DEAN’S MESSAGE: New year sparks optimism–and call for action

Posted Jan. 25, 2011 Happy New Year! Despite all the problems and challenges facing our state and nation, it’s difficult not to feel a burst of optimism at the beginning […]


January 25, 2011



Posted Jan. 25, 2011

Catherine EmihovichHappy New Year! Despite all the problems and challenges facing our state and nation, it’s difficult not to feel a burst of optimism at the beginning of a new year. It’s hard to believe that the first decade of the 21st century is already over. Just yesterday, it seems we were worrying about worldwide computer crashes (remember the Y2K issue in 2000?) and now we worry about the worldwide economy crashing.

While few of us can do much about the latter scenario, we can resolve to take action on both professional and personal fronts to improve the quality of public education so that all children can benefit from equal opportunities to learn. The evidence mounts every day that increased levels of education will be the only buffer against being left behind in the new global economy. As a college heavily focused on the application of our research results for outreach and intervention work, our faculty and students play a unique role in helping to close the painfully long and continuing achievement gap among different student groups.

Despite all the challenges of declining state support, the College of Education posted an exceptional record last year in addressing family, school and community needs through research, teaching and service. Without a doubt, the COE annual report for 2009-10 was the best one I’ve read since becoming the dean in 2002. In virtually every category, the results were striking in terms of faculty, student and alumni accomplishments. . .

— External grant funding has reached a record high level of almost $38 million; private funding exceeded $3 million; faculty have received five highly competitive IES grants, and, over 2,800 students are now enrolled in online programs.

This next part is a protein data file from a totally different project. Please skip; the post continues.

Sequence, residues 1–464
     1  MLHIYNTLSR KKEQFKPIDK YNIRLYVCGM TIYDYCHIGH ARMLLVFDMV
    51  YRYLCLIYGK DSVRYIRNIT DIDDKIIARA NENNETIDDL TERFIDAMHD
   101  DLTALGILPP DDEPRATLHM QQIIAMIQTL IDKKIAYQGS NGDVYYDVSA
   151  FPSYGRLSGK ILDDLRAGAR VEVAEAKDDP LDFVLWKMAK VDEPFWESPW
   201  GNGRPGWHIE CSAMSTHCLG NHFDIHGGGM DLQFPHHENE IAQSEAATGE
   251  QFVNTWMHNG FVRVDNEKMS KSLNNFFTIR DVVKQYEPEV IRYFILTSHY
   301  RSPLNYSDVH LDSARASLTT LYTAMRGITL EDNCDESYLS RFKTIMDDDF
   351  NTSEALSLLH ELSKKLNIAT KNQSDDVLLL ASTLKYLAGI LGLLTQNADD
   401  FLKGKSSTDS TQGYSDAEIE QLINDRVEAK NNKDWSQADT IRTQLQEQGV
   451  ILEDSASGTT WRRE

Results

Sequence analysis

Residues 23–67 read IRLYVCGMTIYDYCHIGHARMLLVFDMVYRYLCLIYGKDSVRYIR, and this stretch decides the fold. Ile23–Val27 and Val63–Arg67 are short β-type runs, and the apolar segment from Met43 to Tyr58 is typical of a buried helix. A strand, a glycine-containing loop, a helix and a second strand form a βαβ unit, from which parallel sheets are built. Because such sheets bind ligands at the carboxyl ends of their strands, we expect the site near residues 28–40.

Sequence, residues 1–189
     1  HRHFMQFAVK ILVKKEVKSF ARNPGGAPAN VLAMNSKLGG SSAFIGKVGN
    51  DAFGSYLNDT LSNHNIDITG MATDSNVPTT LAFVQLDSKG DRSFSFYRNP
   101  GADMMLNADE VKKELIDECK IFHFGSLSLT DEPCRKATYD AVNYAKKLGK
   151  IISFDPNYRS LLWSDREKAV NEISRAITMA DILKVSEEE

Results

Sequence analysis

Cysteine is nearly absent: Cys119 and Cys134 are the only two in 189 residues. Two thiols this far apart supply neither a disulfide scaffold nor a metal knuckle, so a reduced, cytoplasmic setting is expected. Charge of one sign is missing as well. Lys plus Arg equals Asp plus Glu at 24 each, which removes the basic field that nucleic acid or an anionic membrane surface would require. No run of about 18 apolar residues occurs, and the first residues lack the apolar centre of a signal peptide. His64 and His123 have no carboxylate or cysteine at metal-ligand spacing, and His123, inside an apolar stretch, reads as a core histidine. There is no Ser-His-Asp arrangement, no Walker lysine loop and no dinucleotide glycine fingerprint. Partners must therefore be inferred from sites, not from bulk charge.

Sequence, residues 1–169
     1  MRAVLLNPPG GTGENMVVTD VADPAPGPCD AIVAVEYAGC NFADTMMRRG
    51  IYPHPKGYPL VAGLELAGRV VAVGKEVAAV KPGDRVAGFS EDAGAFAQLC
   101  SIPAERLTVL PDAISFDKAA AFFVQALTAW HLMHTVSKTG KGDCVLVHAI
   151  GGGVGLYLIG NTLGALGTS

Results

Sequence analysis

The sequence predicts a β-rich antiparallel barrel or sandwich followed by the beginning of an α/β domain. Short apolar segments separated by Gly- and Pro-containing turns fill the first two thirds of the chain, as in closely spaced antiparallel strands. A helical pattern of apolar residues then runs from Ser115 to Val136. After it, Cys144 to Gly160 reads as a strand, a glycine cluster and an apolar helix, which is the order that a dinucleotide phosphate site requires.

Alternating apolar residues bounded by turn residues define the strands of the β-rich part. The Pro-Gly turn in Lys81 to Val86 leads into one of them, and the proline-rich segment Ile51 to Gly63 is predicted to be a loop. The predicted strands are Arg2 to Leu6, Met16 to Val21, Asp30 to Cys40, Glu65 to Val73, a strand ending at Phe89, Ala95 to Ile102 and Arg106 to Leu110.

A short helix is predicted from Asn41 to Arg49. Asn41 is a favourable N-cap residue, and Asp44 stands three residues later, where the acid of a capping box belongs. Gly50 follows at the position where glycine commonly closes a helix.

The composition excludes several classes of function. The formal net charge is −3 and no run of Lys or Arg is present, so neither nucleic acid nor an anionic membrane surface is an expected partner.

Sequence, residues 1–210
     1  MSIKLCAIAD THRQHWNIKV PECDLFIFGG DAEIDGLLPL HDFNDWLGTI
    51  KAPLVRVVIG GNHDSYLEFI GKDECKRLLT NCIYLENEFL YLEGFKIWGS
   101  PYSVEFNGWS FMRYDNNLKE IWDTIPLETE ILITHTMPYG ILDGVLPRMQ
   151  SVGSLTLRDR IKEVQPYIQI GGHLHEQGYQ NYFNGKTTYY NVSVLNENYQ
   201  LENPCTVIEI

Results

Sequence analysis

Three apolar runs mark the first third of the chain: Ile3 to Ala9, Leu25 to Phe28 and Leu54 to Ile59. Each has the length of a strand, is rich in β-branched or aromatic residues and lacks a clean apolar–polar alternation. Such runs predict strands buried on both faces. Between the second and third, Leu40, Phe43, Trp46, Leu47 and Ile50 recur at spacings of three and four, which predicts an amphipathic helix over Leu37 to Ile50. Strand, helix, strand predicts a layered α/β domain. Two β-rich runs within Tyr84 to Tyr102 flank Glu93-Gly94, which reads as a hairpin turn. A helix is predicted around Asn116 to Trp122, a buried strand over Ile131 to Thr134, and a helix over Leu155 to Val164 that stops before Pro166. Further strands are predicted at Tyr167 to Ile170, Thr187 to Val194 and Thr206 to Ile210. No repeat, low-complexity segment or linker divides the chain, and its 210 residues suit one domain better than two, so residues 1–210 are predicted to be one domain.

— As the UF Capital Campaign approaches the end (in 2012), the College has already exceeded its two previous targets of $9 million, and $20 million respectively, and is well on track to exceed the $25 million target, which is an unprecedented record.

— This past fall, a long cherished dream of our early childhood faculty was realized with the approval of a new, interdisciplinary Center for Excellence in Early Childhood Studies. This new center will support faculty collaboration on research projects in education, law, medicine, nursing, and public health centered on issues related to children’s well-being from birth to age 5.

— The Lastinger Center continued its stellar track record in obtaining external funds, and the highly successful and widely acclaimed Florida Master Teacher Initiative now has over 230 teachers enrolled in the program.

— Lastly, the College is a partner with the Miami-Dade School District on an i3 grant from the U.S. Department of Education for developing a job-embedded master’s degree program for early childhood educators.

What’s ahead for the College? We have a new governor who took office in January and has presented some very ambitious–and rather unsettling—education proposals, although they are more likely to impact K-12 education than higher education. We also know the state faces a daunting $3.5 billion deficit which needs to be resolved by June. Yet, I still return to my earlier optimism.

We have talented and energetic faculty engaged in research that speaks to the concerns of families, schools, and communities; we have outstanding students and we have loyal and active alumni who continue to support the college in multiple ways. The Faculty Policy Council has mobilized faculty in a strategic planning process to chart a course for the college for the next five years.

The fact that the College has been so successful , given all the challenging issues and budget reductions we have faced over the last four years, should encourage all faculty, staff, students and alumni to believe that we will weather these economic upheavals just as well as, if not better than, those encountered in  previous years.